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Airbnb bags $112 million in Series B From Andreessen, DST And General Catalyst (techcrunch.com)
135 points by guynamedloren on July 25, 2011 | hide | past | web | favorite | 19 comments

I recently went to an office warming party at Airbnb's new place. My first thought when I walked out of the elevator was "this company is going public." A lot of startups, even quite big ones, hope/expect in the backs of their minds that one day they'll end up being acquired. But Airbnb has palpably settled in for the long haul, and you can sense it. And that is a big source of power for them.

Can you help us understand why/how you sensed it. What are the factors which influenced this remarks. I am sure others will get benifitted too. More over I would also like to know how can/will they handle bad publicity like some one using airbnb for wrong illigal stuff like prostitution.

why am i getting down voted? I am just curious to know how they will handle this situation?

There are built in feedback mechanisms to encourage responsible behavior from both parties which makes it less likely that someone would use AirBnB to commit "illegal" acts (not entirely illegal in all markets). You're being down voted because here's why it doesn't make sense to use it for prostitution:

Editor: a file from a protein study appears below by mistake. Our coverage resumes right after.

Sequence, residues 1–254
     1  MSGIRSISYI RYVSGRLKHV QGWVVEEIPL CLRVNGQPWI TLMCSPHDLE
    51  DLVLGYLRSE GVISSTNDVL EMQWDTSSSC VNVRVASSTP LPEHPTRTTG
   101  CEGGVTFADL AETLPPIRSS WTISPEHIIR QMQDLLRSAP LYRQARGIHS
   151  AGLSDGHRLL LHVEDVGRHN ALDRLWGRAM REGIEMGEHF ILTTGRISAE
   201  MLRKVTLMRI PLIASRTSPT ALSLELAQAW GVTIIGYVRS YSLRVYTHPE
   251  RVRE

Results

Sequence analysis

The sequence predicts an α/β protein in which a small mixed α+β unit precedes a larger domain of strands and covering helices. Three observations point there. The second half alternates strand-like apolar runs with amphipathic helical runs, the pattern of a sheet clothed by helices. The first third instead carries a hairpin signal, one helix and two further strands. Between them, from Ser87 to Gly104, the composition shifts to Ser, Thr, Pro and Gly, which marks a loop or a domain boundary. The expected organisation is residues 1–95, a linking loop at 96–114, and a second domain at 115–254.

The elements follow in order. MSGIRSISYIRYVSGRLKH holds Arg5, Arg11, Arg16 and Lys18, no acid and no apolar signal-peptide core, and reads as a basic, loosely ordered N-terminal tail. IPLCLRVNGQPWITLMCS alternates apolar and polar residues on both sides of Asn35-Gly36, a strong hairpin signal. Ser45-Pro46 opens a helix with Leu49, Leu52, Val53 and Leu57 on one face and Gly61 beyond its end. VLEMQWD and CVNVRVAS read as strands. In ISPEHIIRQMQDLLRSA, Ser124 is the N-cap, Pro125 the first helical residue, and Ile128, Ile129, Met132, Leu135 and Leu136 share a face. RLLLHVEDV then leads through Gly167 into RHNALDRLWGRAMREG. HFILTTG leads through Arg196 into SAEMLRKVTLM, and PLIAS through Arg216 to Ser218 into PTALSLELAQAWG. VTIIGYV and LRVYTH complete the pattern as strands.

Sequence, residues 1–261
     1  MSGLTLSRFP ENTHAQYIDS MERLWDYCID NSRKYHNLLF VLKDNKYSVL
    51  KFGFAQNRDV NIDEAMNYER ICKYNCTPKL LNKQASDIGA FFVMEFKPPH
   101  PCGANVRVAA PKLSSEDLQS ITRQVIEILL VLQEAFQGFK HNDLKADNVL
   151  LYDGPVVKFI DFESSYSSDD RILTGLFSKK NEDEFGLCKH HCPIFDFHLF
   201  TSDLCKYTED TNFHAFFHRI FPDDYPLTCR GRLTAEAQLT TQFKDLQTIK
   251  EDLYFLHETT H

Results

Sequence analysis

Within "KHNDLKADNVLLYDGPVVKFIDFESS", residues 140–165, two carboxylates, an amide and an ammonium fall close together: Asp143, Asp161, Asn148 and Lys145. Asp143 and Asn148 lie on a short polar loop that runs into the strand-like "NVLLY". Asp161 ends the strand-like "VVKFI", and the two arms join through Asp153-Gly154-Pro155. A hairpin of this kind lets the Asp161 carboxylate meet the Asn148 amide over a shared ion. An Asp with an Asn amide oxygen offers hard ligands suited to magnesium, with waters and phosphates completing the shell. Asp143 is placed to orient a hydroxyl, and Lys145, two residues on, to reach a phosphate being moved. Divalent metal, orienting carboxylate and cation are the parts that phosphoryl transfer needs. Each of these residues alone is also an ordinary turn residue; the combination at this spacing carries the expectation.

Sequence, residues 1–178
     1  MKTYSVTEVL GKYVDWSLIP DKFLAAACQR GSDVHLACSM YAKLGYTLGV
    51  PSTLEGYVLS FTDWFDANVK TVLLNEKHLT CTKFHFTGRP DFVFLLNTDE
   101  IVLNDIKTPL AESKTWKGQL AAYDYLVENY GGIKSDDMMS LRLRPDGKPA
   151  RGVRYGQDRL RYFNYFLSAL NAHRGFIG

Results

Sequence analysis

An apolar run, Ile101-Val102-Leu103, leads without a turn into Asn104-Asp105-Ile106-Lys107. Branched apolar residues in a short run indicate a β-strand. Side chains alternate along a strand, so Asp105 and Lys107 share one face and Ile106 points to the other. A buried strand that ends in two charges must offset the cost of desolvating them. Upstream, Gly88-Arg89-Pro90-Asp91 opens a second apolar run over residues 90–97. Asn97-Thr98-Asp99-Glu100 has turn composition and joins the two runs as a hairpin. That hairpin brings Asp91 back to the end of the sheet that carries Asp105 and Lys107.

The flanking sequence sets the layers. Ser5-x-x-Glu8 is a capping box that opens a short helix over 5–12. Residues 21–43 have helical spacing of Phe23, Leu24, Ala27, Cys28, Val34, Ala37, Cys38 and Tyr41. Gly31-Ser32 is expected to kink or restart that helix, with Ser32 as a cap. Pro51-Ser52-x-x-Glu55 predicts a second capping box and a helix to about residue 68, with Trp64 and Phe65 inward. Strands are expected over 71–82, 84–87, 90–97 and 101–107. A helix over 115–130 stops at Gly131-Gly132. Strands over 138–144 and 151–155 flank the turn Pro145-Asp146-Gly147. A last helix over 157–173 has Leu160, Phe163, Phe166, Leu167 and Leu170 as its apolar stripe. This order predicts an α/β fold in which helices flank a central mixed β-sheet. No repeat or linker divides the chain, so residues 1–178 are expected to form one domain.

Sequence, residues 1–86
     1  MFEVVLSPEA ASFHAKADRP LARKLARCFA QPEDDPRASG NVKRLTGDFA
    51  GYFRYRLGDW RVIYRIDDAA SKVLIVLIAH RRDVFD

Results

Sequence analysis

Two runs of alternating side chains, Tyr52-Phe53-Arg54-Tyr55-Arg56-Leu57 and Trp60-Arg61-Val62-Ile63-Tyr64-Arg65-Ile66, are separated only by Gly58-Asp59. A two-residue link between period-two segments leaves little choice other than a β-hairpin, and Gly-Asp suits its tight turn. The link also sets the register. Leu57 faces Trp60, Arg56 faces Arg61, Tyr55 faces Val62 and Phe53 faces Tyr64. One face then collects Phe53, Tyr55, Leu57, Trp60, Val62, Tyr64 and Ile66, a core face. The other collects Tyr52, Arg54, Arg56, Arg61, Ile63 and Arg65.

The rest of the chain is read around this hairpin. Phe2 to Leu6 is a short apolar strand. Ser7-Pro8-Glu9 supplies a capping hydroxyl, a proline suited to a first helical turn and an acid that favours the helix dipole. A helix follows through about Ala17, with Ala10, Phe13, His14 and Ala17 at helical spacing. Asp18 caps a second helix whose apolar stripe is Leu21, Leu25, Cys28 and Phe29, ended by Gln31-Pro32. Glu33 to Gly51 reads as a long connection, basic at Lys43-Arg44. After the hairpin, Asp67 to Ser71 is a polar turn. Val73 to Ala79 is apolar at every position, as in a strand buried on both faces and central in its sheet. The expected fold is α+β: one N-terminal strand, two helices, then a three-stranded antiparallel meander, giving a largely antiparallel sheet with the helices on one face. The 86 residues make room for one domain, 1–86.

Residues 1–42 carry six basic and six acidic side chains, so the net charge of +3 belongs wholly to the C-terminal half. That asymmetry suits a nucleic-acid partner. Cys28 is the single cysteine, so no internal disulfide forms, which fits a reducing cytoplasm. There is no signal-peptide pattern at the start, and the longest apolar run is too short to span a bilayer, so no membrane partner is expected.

- Many AirBnB listings are shared spaces so you're getting a spare bedroom or a couch/futon so the privacy factor is not there.

- You have a traceable identity on AirBnB so if it was illegal, you would be leaving a trail of evidence pointing to you.

- Your host would most likely ask you to leave and then you would get banned from the site or get a really negative review which would prevent you from using the service again.

Mostly, it's just not something that is going to be common enough to be a big problem and like I mentioned, there are built in feedback mechanisms to discourage bad behavior.

You dont have to down vote sombody if he had asked a silly question. You could juzz explain it the way you did.

Assumption made here is people will report and provide review comments. if they (who want to do illigal stuff) select places to get one room and behave normally and decently in public, nobody will ever report anything. I am not saying it will be a widespread practice, but all it takes is one dead fish to dirt the pond.

And nobody answered the first part of my question. ie the factors that promted or inspired PG to make that remark when he visited them.

My best guess for where the $112 million is going is not for cashing out but for rapidly expanding abroad where they're seeing clones rise quickly and gain traction (Wimdu, 9flats). I expect to see a few small acquisitions to build out more inventory in Asia (East Asia + Australia) and probably South America. Congrats to the team on their success over the last year, I recommend AirBnB to my friends all the time.

The do have legitimate competition abroad and they just purchased Accoleo to get a physical presence in Europe.